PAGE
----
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Auditory verbal hallucinations in persons with and without a need for care.

Johns, L. C. and Kompus, K. and Connell, M. and Humpston, C. and Lincoln, T. M. and Longden, E. and Preti, A. and Alderson-Day, B. and Badcock, J. C. and Cella, M. and Fernyhough, C. and McCarthy-Jones, S. and Peters, E. and Raballo, A. and Scott, J. and Siddi, S. and Sommer, I. and Larøi, F. (2014) 'Auditory verbal hallucinations in persons with and without a need for care.', Schizophrenia bulletin., 40 (Suppl 4). S255-S264.


Auditory verbal hallucinations (AVH) are complex experiences that occur in the context of various clinical disorders. AVH also occur in individuals from the general population who have no identifiable psychiatric or neurological diagnoses. This article reviews research on AVH in nonclinical individuals and provides a cross-disciplinary view of the clinical relevance of these experiences in defining the risk of mental illness and need for care. Prevalence rates of AVH vary according to measurement tool and indicate a continuum of experience in the general population. Cross-sectional comparisons of individuals with AVH with and without need for care reveal similarities in phenomenology and some underlying mechanisms but also highlight key differences in emotional valence of AVH, appraisals, and behavioral response. Longitudinal studies suggest that AVH are an antecedent of clinical disorders when combined with negative emotional states, specific cognitive difficulties and poor coping, plus family history of psychosis, and environmental exposures such as childhood adversity. However, their predictive value for specific psychiatric disorders is not entirely clear. The theoretical and clinical implications of the reviewed findings are discussed, together with directions for future research.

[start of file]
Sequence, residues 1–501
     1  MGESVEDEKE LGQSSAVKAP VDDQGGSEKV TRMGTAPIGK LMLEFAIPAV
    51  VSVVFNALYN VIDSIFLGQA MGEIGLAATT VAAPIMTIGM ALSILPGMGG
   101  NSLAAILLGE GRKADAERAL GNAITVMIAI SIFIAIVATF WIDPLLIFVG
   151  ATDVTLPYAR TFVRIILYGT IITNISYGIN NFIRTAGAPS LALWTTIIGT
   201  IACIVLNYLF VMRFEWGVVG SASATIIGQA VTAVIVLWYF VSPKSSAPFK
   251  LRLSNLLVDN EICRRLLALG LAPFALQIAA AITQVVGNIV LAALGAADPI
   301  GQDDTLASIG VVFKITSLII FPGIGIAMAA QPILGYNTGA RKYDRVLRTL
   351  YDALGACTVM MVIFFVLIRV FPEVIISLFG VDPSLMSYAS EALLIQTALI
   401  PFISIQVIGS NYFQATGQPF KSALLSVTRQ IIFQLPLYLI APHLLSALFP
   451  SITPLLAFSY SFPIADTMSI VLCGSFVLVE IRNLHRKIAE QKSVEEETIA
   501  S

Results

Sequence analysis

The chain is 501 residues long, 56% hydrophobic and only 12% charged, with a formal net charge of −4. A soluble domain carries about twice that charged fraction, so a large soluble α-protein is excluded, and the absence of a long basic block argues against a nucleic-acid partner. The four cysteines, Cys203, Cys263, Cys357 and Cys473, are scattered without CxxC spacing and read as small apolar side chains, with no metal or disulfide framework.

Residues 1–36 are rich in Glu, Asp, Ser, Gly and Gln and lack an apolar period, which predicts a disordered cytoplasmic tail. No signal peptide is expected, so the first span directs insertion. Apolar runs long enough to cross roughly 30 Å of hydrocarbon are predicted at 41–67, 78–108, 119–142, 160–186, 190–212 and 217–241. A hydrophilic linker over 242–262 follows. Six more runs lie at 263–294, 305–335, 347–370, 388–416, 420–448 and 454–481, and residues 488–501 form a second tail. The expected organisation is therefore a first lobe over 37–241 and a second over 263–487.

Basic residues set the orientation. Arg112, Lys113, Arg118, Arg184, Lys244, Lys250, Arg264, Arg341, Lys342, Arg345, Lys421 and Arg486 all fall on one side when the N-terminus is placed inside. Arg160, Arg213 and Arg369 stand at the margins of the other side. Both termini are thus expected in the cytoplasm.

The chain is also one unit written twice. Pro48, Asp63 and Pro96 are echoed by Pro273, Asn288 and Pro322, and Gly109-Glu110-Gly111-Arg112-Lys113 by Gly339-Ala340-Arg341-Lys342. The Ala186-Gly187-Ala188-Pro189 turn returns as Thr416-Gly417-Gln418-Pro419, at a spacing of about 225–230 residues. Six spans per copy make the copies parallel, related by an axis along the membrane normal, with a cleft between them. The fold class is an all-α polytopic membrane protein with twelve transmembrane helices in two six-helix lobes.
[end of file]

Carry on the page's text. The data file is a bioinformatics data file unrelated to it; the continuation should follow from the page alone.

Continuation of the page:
Item Type:Article
Keywords:Nonclinical, Need for care, Psychosis, Prevalence.
Full text:(VoR) Version of Record
Available under License - Creative Commons Attribution.
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Publisher statement:© The Author 2014. Published by Oxford University Press on behalf of the Maryland Psychiatric Research Center. This is an Open Access article distributed under the terms of the Creative Commons Attribution License (, which permits unrestricted reuse, distribution, and reproduction in any medium, provided the original work is properly cited.
Date accepted:14 January 2014
Date deposited:09 December 2014
Date of first online publication:13 June 2014
Date first made open access:No date available

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